Music can have a major impact on your mood and productivity. Use this to your advantage throughout the workday and week to adjust your mood and motivation.

If you’re musically inclined, taking a break to play your favorite instrument can be the perfect way to hit reset. If instruments aren’t your thing, try listening to a few of your favorite songs, your favorite artists, or a curated playlist to boost your mood.  

Create a “Must Do” Task List Each Morning

A “must-do” task list is a great way to organize your day and highlight essential tasks that need to be completed. Avoid making this an exhaustive list. The list should be short – maybe two or three tasks – and specific.

Laying out a few critical tasks for each day helps you organize what and when things need to be done. There is also the added psychological benefit of being able to mark a task complete at the end of the day. 

Schedule Occasional Breaks

Calendars fill up fast. Make sure to schedule periodic breaks in your day before someone else grabs the 15 minutes you had free after lunch.

Taking a planned break is important in the office, but even more so at home. Use these breaks to get outside for a short walk, finish some household chores, read, or even take a short power nap. You’ll return refreshed and ready to get back to work.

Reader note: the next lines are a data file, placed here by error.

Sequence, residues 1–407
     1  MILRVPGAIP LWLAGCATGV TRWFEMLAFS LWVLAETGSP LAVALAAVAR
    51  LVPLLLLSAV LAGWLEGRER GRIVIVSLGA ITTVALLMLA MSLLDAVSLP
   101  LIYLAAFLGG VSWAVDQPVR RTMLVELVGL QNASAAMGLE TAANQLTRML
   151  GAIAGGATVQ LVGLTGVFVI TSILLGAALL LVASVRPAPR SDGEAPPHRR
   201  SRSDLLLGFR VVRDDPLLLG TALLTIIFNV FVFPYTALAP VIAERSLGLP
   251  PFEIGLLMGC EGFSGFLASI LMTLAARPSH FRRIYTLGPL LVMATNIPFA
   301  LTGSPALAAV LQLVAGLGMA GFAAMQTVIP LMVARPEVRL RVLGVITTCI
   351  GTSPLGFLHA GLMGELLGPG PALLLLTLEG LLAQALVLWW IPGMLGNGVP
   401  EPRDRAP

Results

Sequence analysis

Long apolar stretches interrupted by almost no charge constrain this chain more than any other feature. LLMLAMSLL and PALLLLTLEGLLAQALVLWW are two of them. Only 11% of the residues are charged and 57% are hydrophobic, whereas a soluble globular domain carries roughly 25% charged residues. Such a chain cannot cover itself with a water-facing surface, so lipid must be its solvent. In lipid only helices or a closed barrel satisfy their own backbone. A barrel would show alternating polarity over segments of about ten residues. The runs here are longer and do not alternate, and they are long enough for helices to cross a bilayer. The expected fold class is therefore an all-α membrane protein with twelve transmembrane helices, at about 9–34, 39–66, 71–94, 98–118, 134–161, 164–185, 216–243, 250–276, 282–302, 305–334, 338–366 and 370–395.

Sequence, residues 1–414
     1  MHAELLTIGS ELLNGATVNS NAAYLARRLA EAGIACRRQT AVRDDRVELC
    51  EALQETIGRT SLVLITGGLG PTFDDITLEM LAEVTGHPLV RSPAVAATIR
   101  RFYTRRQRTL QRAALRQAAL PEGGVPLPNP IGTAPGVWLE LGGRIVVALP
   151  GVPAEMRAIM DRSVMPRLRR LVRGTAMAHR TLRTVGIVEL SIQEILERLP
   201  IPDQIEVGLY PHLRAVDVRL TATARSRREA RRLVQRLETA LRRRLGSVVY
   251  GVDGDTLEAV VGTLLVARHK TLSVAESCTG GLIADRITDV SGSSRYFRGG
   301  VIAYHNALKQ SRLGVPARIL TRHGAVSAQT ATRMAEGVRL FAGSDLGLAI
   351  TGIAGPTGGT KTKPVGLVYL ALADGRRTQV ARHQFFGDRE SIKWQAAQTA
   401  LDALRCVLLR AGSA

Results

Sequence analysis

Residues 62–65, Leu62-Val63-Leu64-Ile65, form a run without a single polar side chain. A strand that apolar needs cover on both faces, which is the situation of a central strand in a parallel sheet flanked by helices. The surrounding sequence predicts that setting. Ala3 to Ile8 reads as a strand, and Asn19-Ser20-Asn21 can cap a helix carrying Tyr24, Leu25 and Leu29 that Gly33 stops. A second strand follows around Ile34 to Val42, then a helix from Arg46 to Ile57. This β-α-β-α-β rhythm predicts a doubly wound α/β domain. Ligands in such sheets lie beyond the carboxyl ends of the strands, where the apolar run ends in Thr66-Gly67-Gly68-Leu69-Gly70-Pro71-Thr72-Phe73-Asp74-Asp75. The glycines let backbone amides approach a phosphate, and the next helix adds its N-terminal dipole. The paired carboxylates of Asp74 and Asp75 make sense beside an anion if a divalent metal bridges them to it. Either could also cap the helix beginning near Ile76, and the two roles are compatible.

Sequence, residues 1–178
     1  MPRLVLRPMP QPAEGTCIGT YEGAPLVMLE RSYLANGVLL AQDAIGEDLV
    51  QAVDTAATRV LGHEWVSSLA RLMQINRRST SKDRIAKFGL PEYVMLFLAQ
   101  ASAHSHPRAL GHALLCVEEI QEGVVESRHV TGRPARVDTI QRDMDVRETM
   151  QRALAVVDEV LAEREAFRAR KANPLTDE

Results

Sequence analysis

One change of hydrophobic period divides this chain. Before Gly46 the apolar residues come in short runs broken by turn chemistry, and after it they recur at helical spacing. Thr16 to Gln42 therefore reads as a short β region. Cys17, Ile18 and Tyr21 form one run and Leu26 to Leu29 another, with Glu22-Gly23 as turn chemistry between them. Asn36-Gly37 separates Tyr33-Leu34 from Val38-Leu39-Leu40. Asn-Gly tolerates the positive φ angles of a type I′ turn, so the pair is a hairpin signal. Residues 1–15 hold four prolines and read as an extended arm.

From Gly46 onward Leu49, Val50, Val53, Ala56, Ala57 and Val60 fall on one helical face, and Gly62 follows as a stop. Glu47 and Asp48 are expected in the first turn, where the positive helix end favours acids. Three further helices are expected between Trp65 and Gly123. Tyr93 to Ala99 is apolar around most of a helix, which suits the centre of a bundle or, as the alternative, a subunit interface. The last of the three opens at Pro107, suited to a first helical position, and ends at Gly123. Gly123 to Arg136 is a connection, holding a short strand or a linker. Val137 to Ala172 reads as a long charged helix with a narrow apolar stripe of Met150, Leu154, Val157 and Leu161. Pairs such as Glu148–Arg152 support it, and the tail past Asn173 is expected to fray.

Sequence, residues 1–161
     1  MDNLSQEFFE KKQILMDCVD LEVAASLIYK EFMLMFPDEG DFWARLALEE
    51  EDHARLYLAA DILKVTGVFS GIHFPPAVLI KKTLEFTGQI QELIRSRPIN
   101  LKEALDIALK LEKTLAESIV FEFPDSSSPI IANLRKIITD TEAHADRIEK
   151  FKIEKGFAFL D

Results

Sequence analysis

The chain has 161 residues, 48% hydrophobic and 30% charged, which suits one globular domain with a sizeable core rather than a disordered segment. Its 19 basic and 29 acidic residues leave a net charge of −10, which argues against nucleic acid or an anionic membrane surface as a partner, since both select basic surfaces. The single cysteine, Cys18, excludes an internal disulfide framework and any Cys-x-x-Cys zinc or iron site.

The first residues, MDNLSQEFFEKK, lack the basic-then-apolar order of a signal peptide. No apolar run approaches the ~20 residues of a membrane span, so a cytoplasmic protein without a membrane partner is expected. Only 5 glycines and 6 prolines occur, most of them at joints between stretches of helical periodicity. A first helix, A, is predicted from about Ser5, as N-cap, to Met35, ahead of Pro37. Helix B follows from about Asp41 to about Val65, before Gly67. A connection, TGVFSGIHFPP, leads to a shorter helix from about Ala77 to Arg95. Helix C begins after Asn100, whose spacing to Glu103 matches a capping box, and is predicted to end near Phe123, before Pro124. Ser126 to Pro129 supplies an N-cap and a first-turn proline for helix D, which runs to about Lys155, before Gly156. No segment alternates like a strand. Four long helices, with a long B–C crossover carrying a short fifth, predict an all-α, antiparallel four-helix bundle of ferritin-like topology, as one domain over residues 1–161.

Turn Off Your Phone’s Notifications

If your phone is constantly buzzing with email, text, and news notifications you will have a hard time staying focused. On average, people receive 46 notifications per day on their mobile devices. These can be a major distraction during periods of focused work.

Turning your phone to “do not disturb” mode throughout the day is a simple productivity hack to help you stay focused on the task at hand.

Know When to Log Off

Working from home can make it hard to log off and detach from work when you’re always connected and there is no physical commute between work and home at the end of the day. 

Enjoy the extra time you have each day without a commute, but try to maintain similar hours you had at the office. Be sure to log off and shut down at the end of the day so your home doesn’t begin to feel like a 24-hour workplace.

What Are Your Doing to Make Working From Home Easier?

Try one or all of these tips and let us know how they work for you. Additionally, check out this great discussion thread for more unconventional tips to make remote working easier.

We want to hear from you – what’s your favorite tip to make working from home easier? It appears we will be in this situation for a while, so it’s time to settle in and make the most of it. And if your house is feeling cramped with your partner and kids at home along with you, our advisors are here to answer any questions you may have about upgrading. 



First Heritage Mortgage COVID-19 Resource Guide

For more information and resources to help during this time,
please visit our COVID-19 Resource Guide.


The included content is intended for informational purposes only and should not be relied upon as professional advice. Additional terms and conditions apply. Not all applicants will qualify. Consult with a finance professional for tax advice or a mortgage professional to address your mortgage questions or concerns. This is an advertisement. Prepared 3/31/2020